"There you are, cook," the Trunchbull cried. "Bogtrotter likes your cake. He adores your cake. Do you have any more of your cake you could give him?" "I do indeed," the cook said. She seemed to have learnt her lines by heart. "Then go and get it. And bring a knife to cut it with." The cook disappeared. Almost at once she was back again staggering under the weight of an enormous round chocolate cake on a china platter. The cake was fully eighteen inches in diameter and it was covered with dark-brown chocolate icing.
Matilda, Roald Dahl, Bruce Bogtrotter and the Cake
Matilda Wormwood (constantly battling Jo March, Mary Lennox and Cassandra Mortmain for the top spot) is the book character I have always most wanted to be - brave, ballsy and bookish. I spent the first (and only) afternoon I've ever been grounded shut up in my bedroom with Matilda, feeling a deep affinity with her continual struggle against the adults in her life. I was seven, and feeling very hard done by. Twenty years on, it's still my favourite of Roald Dahl's fantastic books; dark, thrilling and full of magic and surprise, all the things he does best. It also invokes a strange picture of England, of terrifying headmistresses, shady secondhand car dealerships and the power of escaping to other worlds through fiction.
Like most of Dahl's books, there's quite a bit of food in Matilda, and the simple cake and cup of tea Matilda and Miss Honey share at the cottage mid-way through the novel is perhaps a post for another time. First, I feel the need to do justice to a slightly more iconic cake - the 18-inch monster Bruce Bogtrotter is forced, by the inimitable Miss Trunchbull, to eat in its entirety. No matter how much I enjoy cake, the idea of consuming this fictional monstrosity is a true nightmare. In fact, the only person I can imagine coming close to finishing a cake like that is my friend Richard, who has been known to inhale whole blocks of chocolate following gruelling dance rehearsals. So, for his 30th birthday, a Bruce Bogtrotter cake it had to be...
Bruce's Chocolate Cake
Serves at least 15 (or 1 - if you're Bruce)
180mL boiling water
350g plain flour
4tsp baking powder
200g softened butter
550g caster sugar
300g dark chocolate + 100g extra for decoration
300ml double cream
5tbsp blackcurrant jam
3 sandwich tins
Electric hand whisk
1. Preheat the oven to 180C. Grease the sandwich tins and line the base with greaseproof paper.
2. Sift the cocoa into the mixing bowl and pour the boiling water over the top. Stir until the cocoa is dissolved. Add the rest of the cake ingredients and beat with the electric whisk until the mixture forms a smooth, thick batter. Divide the mixture equally between the tins and level off the surface of the batter.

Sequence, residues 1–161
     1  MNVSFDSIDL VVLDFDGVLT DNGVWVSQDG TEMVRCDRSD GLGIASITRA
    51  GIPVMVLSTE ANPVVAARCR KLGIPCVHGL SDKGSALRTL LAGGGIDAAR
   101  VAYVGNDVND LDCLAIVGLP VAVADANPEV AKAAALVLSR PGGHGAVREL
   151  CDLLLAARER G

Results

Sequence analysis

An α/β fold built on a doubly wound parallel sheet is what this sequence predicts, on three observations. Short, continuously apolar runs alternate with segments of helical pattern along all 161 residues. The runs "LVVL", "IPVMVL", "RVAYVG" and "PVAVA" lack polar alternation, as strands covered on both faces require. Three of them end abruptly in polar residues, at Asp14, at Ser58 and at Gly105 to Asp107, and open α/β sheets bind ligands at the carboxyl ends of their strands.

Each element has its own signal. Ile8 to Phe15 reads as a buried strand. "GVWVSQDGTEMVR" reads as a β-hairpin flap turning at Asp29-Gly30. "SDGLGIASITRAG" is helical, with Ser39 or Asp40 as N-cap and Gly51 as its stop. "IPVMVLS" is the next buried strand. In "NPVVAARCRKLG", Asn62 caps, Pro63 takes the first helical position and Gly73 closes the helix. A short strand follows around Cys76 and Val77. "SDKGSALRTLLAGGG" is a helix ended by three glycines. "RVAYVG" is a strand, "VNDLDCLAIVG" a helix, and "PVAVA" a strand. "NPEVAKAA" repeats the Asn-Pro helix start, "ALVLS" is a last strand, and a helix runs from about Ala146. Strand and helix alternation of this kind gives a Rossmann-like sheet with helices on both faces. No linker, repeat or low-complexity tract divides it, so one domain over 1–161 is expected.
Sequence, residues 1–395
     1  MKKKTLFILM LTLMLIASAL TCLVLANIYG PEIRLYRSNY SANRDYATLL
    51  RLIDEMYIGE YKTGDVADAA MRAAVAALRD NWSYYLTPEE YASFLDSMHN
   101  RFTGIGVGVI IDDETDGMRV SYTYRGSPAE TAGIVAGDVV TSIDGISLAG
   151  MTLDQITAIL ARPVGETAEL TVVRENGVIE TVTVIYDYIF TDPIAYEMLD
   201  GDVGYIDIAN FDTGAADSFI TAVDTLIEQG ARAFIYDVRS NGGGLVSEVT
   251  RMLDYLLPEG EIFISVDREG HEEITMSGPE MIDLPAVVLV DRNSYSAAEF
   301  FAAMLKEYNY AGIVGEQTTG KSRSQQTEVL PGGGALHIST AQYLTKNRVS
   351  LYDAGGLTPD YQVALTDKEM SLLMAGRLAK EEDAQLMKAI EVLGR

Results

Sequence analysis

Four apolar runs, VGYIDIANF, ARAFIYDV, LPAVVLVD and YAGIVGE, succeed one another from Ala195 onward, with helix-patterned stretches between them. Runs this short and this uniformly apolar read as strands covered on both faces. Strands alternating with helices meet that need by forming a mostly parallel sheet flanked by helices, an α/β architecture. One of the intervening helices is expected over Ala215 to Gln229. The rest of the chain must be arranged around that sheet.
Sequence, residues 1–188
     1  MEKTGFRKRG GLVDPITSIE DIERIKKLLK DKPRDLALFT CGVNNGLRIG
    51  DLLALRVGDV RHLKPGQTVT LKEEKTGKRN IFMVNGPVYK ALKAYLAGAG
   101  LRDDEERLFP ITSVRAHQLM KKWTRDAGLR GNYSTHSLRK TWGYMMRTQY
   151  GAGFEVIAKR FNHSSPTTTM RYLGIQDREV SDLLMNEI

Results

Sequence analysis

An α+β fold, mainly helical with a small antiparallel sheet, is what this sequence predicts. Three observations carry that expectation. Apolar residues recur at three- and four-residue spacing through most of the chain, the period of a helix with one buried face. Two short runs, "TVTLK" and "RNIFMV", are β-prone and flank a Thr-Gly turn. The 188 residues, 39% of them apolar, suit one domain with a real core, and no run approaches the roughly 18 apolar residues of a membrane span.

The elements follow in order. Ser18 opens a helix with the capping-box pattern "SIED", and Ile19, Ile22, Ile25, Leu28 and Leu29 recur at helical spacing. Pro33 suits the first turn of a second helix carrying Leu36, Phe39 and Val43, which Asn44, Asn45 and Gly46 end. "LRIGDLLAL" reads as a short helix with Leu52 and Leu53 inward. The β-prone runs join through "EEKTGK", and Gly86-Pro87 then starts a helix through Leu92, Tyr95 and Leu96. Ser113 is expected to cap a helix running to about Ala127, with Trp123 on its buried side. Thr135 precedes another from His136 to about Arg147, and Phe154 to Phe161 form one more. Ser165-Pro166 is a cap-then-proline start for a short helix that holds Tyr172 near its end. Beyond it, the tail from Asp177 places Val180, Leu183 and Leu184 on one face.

NB. If you have only two sandwich tins (as I did), you can make 2/3 of the mixture first, and then make the final third separately. It's a very simple cake batter, so this shouldn't be too much drama! You could also leave 1/3 of the batter in the mixing bowl until the first two cakes have finished in the oven, but you should be aware that cake batter doesn't like to hang around, and the third cake may not rise as well.
3. Place the cake tins in the preheated oven and bake for 30 minutes until the cakes are well risen and bounce back when pressed lightly. Leave to cool in the tins for a couple of minutes, and then turn out to cool fully on a wire rack.
4. To make the ganache, chop the chocolate very finely and place it in the (washed-up) mixing bowl. Bring the cream almost to the boil in a saucepan. Pour over the chocolate and stir until the chocolate is completely melted and the mixture is smooth. Leave the ganache to cool until it is nearly set.
5. To decorate the cake, soften the jam in the saucepan, and paint the top and sides of each of the cakes. As well as adding a sharpness to the overwhelming sweetness of this cake, this will prevent crumbs from getting stuck in the ganache. Using the palette knife (dipped in hot water), spread the top of the first cake with ganache and lay it on the serving plate. Continue with the other cakes. Spread ganache around the sides of the tiers, and smooth it out with the palette knife (dipped again in hot water). Finally, shave the leftover chocolate with the vegetable peeler and arrange on the cake. Serve unadorned and in large slices!